Candidate = [0, 0.996808, 0, -0.163692, 0, 0.007556, 0, -0.000122].

Compare that with our a priori postulated best instance:

Postulate = [0, 1, 0, -0.166666, 0, 0.008333, 0, -0.000198].

The numbers are pretty close, but not too close. One would expect them to be even closer; it feels suspicious why they aren’t. How does the error metric look like? Let’s evaluate these instances manually to see their sum squared errors compared to sin(x) at a hundred values of x:

> example_curve:evaluate(Candidate).

> example_curve:evaluate(Postulate).

Wait, is our evolved instance actually better than the postulated best possible instance? Better by no less than three orders of magnitude lower sum squared error?

The answer is a resounding yes. Reason: we only took a finite number of terms from the Taylor series of sin(x). And as you well know, a Taylor series only represents the function’s value in case the whole (infinite) series is taken into account. By truncating the series at a mere seven degrees, we leave a lot of error in the approximation. And as it turns out, once we stick to approximating with exactly seven degrees, there are better solutions.

Moral of the story: be careful what you optimize for, because you might just get it.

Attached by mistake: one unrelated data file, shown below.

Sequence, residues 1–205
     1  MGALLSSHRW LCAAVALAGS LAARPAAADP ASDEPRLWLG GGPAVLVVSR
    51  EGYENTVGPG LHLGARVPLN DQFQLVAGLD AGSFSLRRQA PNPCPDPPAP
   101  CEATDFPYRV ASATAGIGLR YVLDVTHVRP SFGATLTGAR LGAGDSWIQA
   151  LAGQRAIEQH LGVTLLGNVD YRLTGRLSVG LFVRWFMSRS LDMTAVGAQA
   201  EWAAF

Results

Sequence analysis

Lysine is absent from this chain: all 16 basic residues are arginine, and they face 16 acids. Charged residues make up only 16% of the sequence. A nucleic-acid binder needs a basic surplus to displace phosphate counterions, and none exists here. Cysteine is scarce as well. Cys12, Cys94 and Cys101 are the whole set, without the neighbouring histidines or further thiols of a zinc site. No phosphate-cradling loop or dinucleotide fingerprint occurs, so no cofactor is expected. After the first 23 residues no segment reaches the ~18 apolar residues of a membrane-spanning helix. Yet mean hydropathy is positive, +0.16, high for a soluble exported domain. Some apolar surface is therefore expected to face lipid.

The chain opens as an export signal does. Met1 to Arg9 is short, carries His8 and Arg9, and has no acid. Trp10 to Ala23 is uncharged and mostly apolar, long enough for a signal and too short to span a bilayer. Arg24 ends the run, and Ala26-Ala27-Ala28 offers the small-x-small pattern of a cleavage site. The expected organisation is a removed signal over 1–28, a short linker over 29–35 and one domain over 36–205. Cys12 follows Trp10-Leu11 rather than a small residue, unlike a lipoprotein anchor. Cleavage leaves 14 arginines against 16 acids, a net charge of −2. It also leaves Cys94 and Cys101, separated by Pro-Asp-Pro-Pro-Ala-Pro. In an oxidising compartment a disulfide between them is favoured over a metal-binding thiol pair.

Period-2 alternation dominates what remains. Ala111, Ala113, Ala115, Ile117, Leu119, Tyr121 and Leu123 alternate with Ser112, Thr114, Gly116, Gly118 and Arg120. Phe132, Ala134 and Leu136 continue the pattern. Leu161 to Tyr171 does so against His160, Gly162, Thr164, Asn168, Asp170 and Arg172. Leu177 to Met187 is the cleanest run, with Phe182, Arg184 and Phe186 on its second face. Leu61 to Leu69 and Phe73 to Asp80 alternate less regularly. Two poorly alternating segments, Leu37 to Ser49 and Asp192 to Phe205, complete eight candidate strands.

Problem 3: Travelling Salesman Problem

The third and last example problem that ships with DiGenO is the classic Travelling Salesman Problem (hereinafter called TSP). This is a combinatorial optimization problem that is in fact very solvable via a genetic optimization approach.

We are interested in the minimal distance route between 21 Swedish cities: Falun, Gävle, Göteborg, Halmstad, Härnösand, Jönköping, Kalmar, Karlskrona, Karlstad, Linköping, Luleå, Malmö, Nyköping, Stockholm, Umeå, Uppsala, Visby, Västerås, Växjö, Örebro and Östersund. The cities are represented with integers starting with 1, assigned to the cities in the above order.

The input to TSP is a distance (cost) matrix between a number of cities (edges). The goal is to find a cycle in the graph that yields minimal distance (cost) when used to traverse each city exactly once.